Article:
Understanding the nature of bond funds is essential if one wishes to be a successful investor in this period of falling returns. Realigning expectations is also central to this process.
12-Jun-2003 •Research Desk
It has been a great and glorious party. In all probability it is now over. The year-to-date returns of medium-term debt fund category have come down to 2.81 per cent as on June 11, 2003. On an annualised basis, this means a return of just over 5.5 per cent. Even with some trading on government securities, fund managers can push returns into the region of 6 to 7 per cent. And this is exactly what they have been shouting themselves hoarse about in recent months. This is a far cry from the 15 per cent plus returns that we have witnessed in the past two years.
But then the yield on the benchmark ten-year paper fell by 186 basis points in 2002 and 300 basis points in 2001. This year a 50 basis points fall is all that is expected. These falling yields were the driving force for debt mutual funds. As interest rates moved down, older papers carrying higher coupon became more attractive. Funds traded on these papers to generate returns far in excess of the meagre coupon. But with any further fall being limited, the scope for trading profits is low. Bond markets are returning to a situation of normalcy where coupon income is the main source of returns. In this "normal" bond market one must understand the nature of bond funds so that effective steps can be taken to tackle diminishing returns.
Bond Funds are Commodity Products
It is important to realise that income funds are largely commodity products. This means there is not much to differentiate between one income fund and the next. For that matter the top ranking income fund in any given period will largely resemble the 5th ranking fund as well as the 10th ranking fund and so on. So it is a futile exercise to be happy over your bond fund beating its peers by 0.5 per cent or be unhappy if it is losing to its peers by 0.5 per cent.
The "superior" performance of one bond fund over the other will largely be a function of its portfolio maturity. Greater the maturity, greater will be the returns when markets are bullish. But when times turn bearish, funds with lower maturity will be better able to hold on to returns and move up the performance charts. In all these phases the difference between top funds and the rest is not substantial. So there is not much sense in chasing returns in bond funds.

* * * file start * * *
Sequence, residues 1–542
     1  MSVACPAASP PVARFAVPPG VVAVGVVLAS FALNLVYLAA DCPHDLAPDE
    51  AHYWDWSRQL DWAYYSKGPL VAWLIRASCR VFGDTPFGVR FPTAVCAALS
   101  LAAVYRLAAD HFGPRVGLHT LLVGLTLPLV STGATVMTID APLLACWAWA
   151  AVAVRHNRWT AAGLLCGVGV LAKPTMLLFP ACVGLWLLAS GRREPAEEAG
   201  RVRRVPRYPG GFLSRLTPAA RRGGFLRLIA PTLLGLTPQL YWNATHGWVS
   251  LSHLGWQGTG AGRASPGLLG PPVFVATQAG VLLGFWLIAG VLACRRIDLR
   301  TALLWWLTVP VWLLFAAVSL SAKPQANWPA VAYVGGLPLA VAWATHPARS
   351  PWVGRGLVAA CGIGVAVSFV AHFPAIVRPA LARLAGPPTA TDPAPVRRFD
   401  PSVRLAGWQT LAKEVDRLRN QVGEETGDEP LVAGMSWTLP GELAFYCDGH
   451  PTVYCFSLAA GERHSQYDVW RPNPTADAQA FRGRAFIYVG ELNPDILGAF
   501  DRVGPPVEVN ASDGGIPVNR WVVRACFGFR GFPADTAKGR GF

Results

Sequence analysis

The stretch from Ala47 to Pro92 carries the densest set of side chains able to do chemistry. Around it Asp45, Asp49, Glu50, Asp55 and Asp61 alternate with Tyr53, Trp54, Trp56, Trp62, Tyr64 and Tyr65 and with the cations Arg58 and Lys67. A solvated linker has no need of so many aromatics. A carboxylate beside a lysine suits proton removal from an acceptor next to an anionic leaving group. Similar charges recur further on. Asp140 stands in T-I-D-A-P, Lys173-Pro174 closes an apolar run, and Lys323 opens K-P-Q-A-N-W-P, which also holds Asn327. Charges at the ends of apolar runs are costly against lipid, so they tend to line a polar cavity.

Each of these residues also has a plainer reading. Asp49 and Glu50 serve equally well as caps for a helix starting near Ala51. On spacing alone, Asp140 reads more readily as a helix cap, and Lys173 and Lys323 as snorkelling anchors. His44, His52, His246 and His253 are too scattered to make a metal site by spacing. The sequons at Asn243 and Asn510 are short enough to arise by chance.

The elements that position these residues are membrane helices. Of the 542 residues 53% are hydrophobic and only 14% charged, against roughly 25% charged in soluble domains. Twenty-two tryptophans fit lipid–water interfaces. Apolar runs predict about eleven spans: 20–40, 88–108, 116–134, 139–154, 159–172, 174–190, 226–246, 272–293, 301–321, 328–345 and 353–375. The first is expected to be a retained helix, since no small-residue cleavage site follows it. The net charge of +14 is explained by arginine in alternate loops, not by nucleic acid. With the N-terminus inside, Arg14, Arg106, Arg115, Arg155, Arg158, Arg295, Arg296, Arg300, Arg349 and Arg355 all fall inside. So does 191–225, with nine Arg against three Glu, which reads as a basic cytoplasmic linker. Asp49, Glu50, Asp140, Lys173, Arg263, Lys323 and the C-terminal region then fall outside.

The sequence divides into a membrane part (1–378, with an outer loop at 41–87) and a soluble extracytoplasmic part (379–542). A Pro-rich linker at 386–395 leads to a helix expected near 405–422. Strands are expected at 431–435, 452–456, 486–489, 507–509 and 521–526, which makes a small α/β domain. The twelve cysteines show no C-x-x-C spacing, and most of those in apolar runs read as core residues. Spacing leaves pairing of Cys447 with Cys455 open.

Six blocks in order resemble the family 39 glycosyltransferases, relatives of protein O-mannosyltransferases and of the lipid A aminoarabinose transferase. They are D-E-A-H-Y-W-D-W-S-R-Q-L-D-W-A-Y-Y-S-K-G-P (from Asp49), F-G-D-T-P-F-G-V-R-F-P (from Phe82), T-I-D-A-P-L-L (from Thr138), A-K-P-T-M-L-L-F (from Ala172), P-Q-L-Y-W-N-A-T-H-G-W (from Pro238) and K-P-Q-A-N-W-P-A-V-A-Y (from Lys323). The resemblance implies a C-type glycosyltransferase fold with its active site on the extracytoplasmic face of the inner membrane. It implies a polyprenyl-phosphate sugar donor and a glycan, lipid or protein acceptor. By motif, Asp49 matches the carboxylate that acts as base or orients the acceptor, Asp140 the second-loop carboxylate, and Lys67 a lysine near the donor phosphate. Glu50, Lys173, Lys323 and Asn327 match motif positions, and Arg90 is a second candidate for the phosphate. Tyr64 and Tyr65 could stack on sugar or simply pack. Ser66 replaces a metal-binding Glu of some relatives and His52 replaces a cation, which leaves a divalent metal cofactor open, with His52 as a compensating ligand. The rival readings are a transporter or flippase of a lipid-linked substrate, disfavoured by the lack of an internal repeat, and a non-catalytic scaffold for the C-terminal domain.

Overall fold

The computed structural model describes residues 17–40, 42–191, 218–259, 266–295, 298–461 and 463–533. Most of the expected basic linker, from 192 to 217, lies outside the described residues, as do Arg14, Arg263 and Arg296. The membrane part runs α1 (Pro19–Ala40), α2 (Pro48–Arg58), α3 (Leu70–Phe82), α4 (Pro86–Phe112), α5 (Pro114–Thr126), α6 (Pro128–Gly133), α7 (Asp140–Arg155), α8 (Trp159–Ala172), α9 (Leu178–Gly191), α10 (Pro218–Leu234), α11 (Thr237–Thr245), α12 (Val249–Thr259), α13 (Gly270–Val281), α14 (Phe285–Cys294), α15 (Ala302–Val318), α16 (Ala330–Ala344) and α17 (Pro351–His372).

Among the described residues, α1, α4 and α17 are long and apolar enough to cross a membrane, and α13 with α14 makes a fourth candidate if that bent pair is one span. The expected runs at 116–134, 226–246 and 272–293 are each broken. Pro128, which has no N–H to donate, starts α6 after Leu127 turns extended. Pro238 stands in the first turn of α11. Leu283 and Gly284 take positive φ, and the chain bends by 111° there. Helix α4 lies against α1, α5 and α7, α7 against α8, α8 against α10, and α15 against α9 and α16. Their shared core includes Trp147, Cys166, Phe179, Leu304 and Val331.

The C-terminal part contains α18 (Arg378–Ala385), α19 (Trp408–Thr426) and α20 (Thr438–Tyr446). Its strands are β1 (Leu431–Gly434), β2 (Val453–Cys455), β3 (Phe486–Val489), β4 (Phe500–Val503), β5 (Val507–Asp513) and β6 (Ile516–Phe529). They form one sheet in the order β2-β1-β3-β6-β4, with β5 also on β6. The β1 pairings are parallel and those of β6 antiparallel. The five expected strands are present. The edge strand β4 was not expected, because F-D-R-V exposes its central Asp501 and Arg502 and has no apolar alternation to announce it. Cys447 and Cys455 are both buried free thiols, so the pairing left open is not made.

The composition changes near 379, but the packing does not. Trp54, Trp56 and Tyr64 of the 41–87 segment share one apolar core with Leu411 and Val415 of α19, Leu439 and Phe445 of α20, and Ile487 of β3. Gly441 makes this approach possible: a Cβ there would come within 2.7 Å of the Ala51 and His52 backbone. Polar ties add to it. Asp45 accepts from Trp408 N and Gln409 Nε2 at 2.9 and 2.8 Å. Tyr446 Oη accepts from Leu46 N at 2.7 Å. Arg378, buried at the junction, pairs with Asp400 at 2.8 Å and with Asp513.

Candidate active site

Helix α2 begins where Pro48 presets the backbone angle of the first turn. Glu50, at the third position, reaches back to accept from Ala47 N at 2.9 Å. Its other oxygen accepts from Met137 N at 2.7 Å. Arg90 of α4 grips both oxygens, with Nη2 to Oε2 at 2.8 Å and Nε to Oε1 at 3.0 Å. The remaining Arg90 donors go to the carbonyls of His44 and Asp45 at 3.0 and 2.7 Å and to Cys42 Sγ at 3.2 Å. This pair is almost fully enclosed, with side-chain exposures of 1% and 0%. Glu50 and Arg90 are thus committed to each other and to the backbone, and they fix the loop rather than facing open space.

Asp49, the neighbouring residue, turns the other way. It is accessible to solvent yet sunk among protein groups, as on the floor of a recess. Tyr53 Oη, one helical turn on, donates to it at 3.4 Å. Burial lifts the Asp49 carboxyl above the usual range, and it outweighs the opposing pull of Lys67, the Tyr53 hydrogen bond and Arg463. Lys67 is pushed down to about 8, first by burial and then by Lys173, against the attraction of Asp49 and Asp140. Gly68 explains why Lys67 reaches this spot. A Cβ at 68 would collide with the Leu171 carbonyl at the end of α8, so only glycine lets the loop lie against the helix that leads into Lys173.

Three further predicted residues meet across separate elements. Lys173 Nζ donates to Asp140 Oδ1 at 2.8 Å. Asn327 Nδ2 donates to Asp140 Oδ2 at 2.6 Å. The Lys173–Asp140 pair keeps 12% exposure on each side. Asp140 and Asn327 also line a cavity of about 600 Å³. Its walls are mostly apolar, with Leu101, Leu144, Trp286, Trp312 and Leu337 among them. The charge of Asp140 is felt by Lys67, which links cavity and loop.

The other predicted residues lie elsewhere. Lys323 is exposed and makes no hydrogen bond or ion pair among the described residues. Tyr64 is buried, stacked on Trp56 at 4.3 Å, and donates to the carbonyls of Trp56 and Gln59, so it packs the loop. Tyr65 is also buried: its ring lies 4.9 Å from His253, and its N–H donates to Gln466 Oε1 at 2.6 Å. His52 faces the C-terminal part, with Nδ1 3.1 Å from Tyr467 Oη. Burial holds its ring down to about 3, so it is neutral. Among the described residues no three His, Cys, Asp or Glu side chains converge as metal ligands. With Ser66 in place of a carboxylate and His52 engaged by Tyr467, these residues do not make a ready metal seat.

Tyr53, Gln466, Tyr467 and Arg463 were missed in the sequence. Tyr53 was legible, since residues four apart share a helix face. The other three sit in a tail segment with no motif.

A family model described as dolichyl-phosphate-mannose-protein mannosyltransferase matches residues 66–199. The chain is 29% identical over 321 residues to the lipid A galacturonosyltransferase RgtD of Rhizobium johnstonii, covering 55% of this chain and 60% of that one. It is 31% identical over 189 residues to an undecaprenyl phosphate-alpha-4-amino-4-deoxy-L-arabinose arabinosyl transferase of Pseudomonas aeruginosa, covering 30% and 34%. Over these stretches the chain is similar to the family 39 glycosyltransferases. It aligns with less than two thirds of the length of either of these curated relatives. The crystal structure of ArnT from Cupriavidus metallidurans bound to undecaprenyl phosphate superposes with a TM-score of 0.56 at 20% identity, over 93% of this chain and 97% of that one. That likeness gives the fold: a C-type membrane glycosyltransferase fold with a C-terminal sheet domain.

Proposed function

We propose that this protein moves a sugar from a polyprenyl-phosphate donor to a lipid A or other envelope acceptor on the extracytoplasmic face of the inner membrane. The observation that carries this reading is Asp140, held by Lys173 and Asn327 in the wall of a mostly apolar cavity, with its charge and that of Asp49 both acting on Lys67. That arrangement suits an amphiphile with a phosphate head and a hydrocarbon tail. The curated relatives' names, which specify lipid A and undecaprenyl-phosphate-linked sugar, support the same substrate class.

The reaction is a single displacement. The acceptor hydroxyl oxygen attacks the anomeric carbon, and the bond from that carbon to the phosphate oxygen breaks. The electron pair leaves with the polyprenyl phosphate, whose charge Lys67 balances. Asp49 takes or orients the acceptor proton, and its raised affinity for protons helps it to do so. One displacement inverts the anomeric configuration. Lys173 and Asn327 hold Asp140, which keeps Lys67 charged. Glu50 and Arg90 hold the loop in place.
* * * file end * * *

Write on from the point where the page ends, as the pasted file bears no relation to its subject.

This similarity in bond funds can also be seen from their portfolios. Most bond funds allocate 30 to 40 per cent of their portfolio to gilts and 50 to 60 per cent to bonds. However, PNB Debt is one fund that has more than 80 per cent of its portfolio in gilts and is more of a gilt fund than a bond fund.
Commodities Compete on Price
The distinguishing feature of a commodity is its price. This is the same with income funds. The recent trend in the industry towards offering lower expense ratios for institutions is the biggest example of this trend. As returns fall, funds are reducing their expenses to continue to attract institutional investors. And this is the single feature, which is common to all the institutional plans. So if the big boys of the investing world are ultra-sensitive towards expenses, so should you be. Do check the expense ratio of your fund and make sure it is not out of line with that of similar funds. The maximum expense a bond fund can charge is 2.25 per cent, while the category average is 1.5 per cent. Some funds do charge the maximum expenses which are allowed and if your fund does so then you should have a serious look whether it has a place in your portfolio or not.
Not Just Returns
Bond markets have witnessed volatility of an unprecedented nature. The category has posted negative returns for January and March this year. The first quarter of calendar 2003 is also in the red. So it is not just returns, which are important, but the risks associated with these returns also. Do take a look at your fund's Sharpe ratio. A fund may be generating lower returns but it may compensate by being less volatile. On the other hand higher returns may be accompanied by higher volatility. In both cases the risk-adjusted returns can be very close to each other. Therefore it is important to understand what one wants—high returns and high volatility or low returns with lower volatility.
Your investment horizon becomes very important when markets turn volatile. When markets were on a secular bull run, a three-month stay in an income fund was also rewarding. Not any more. Volatility may erode away returns so make sure your duration of stay is appropriate for the particular fund. Medium-term bond funds are suggested when the investment is for a period of a year or more.
While looking at fixed income products, one can also take a look at Public Provident Fund and post office deposits. Of course, these offer much less liquidity and convenience than mutual funds. On the positive side they offer tax incentives. When bond funds may deliver 6-7 per cent, the higher returns from PPF may look more attractive. But the lock-in periods of these instruments should also be factored in. A big risk in these instruments is that their returns are not linked to the market, and this has the possibility of causing problems in the future. When a ten-year government paper gives a return of 6 per cent, from where will these instruments generate 8 per cent, especially when they do not trade? The daily NAV disclosure of your fund tells you everyday what your money is worth and reduces the scope for unexpected shocks.